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Afghan first female pilot granted asylum in US

The Wall Street Journal    

3 May, 2018 16:53 PM



Afghan first female pilot granted asylum in US

Captain Niloofar Rahmani was the first fixed-wing Air Force pilot in Afghanistan

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Afghanistan’s first female airplane pilot, who became a symbol of women’s advancement during America’s war there, has been granted asylum in the US.

Niloofar Rahmani, a former Afghan Air Force captain, left her native country in 2015 to receive training in the US—and to escape death threats directed at her and her immediate family. The US military brought her to America and paid for her training.

Now, US authorities have recognized it is too dangerous for her to return home.

“I’m really happy and thankful to all the people who made this [being granted asylum] happen,” Ms Rahmani, 27, said by phone from the US on Tuesday. “All I want now is to go back to my dream of flying.”

Ms Rahmani was 18 years old when she enrolled in the Afghan military, hoping to achieve her lifelong dream of becoming a pilot. The US-led military coalition touted her as an example of what Afghan women could accomplish under the Western-backed government in Kabul.

However, her story ultimately exposed the limits of what women could accomplish in a deeply conservative country where US-led efforts to empower them have frequently clashed with the local culture.

Shortly after she graduated pilot training school in 2013, Ms Rahmani became a public figure.

That is when the death threats began. She became a target for the Taliban insurgency as well as for members of her own extended family—uncles and cousins who considered her profession shameful and wanted to punish her to avenge their family honour.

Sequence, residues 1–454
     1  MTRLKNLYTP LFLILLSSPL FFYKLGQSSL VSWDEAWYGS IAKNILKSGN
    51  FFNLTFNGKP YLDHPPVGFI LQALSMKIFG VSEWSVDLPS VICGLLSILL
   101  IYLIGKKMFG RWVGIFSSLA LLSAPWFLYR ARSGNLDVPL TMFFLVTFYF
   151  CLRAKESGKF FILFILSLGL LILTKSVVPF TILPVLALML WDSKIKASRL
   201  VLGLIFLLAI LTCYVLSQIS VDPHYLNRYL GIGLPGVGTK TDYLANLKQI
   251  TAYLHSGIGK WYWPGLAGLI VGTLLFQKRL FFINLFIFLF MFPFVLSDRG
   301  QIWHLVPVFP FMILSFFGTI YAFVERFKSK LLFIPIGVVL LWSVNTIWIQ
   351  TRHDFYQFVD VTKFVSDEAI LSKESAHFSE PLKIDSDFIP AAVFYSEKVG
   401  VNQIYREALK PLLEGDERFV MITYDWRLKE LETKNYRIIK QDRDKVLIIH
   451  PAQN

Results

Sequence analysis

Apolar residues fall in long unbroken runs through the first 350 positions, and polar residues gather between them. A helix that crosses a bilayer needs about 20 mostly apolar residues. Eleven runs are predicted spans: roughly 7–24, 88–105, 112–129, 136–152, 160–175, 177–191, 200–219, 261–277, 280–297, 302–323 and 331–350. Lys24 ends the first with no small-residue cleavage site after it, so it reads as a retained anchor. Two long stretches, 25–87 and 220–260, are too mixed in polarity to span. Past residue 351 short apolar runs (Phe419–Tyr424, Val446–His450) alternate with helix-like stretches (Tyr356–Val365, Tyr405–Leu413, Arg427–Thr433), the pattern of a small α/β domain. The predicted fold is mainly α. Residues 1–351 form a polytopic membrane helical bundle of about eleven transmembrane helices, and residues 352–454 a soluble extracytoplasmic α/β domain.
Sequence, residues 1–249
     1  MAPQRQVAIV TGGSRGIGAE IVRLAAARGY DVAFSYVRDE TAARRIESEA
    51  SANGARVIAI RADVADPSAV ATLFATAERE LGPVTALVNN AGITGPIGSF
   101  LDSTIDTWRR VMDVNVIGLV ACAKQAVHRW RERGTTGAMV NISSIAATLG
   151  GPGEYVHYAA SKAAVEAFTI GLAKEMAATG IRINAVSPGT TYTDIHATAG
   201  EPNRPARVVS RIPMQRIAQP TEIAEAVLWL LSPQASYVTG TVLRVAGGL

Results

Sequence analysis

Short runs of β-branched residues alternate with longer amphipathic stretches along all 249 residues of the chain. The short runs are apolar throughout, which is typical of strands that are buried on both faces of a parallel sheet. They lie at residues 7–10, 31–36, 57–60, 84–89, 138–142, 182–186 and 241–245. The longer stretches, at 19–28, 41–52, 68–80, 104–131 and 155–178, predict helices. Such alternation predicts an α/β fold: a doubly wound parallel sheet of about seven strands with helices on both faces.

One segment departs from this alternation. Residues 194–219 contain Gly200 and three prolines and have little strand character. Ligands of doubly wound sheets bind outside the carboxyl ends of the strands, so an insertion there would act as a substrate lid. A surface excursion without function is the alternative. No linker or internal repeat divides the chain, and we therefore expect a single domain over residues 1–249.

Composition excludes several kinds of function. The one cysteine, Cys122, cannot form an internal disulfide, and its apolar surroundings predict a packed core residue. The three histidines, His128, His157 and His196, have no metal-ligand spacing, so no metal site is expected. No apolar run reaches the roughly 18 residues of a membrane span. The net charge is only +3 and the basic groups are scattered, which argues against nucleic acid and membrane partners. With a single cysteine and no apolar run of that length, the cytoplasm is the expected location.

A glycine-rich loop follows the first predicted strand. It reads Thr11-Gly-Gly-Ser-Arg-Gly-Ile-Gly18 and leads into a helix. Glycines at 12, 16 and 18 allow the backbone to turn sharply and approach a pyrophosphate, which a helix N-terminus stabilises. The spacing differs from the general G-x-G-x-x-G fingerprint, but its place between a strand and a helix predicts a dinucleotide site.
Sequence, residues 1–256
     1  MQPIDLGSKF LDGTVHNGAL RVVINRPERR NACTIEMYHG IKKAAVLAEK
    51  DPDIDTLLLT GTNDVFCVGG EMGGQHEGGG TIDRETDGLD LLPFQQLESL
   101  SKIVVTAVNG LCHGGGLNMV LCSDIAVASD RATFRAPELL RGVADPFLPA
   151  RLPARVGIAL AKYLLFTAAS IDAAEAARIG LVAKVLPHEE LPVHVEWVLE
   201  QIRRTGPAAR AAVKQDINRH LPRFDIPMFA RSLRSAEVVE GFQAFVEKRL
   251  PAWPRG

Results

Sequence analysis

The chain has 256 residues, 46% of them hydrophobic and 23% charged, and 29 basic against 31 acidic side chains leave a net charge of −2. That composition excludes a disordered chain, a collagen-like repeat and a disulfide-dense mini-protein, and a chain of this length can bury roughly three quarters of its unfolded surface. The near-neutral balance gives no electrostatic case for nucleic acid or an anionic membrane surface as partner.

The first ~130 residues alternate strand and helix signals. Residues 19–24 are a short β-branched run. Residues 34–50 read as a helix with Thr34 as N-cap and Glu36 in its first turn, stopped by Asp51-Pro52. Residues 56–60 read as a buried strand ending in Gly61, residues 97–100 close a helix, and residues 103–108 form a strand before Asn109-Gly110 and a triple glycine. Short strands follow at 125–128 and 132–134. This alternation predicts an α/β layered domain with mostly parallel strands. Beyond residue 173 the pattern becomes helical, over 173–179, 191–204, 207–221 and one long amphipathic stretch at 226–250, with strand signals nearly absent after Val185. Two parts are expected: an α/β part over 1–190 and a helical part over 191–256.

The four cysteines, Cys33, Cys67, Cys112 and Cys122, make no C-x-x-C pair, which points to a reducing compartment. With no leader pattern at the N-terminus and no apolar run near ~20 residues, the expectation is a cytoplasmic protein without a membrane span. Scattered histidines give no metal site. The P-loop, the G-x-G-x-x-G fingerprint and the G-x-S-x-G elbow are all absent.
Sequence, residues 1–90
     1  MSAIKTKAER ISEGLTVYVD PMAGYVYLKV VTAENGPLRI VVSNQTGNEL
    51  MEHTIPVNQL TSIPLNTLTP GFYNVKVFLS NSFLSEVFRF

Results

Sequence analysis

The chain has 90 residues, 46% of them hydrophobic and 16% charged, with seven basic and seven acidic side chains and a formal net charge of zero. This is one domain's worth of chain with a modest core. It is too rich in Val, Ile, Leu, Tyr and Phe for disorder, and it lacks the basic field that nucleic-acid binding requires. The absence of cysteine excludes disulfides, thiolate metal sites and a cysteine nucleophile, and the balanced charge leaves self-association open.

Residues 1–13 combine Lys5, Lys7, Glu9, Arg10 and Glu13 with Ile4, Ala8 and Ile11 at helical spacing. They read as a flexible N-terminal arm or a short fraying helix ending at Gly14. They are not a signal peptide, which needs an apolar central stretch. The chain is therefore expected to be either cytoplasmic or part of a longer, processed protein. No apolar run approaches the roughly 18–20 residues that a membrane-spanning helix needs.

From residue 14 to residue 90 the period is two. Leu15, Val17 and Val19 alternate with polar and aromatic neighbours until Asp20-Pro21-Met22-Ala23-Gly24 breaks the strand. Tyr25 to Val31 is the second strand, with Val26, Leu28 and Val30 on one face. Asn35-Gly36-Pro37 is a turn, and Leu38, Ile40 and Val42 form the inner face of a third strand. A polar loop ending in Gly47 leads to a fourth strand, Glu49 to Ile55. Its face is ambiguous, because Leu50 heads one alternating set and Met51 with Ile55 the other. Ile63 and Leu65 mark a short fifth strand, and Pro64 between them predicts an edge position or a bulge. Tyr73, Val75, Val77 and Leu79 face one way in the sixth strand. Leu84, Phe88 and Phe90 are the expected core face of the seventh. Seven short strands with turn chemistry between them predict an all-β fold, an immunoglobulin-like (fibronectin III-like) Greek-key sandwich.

Ms Rahmani’s parents and siblings, who had supported her career choice, also faced threats, forcing the whole family into hiding. Her older brother narrowly escaped two assassination attempts.

“We are very pleased that Niloofar was granted asylum,” said her US lawyer, Kimberley Motley. “Her life would be at grave risk if she were forced to return to back to Afghanistan.”

Mohammad Radmanish, a spokesman for the Afghan Ministry of Defense, on Tuesday said: “As an individual, she has the right to live where she wants.” He declined to comment further.

Ms Rahmani’s family remains in Afghanistan, except for a sister who moved to the US recently because she married an Afghan living in America.

In Afghanistan, her close family members are fearful for their lives and continue to live in hiding.


After more than 16 years of war, Afghanistan’s situation remains perilous. At least 26 people, including nine Afghan journalists, were killed Monday in a double-suicide bombing near the headquarters of Afghanistan’s spy agency in Kabul.

In 2017 alone, 3,400 civilians were killed because of the conflict and many more were injured, according to the United Nations. Afghans represent the second-largest population of refugees in the world after Syrians.

Since completing her training aboard C-130 transport aircraft in the US, Ms Rahmani’s life has been in limbo as she awaited an answer to her asylum request. Now that she has been granted it, she hopes she can find a job in civil aviation.

“I can finally live my life in peace,” said Ms Rahmani. “Now all my worries are about my family in Afghanistan.”


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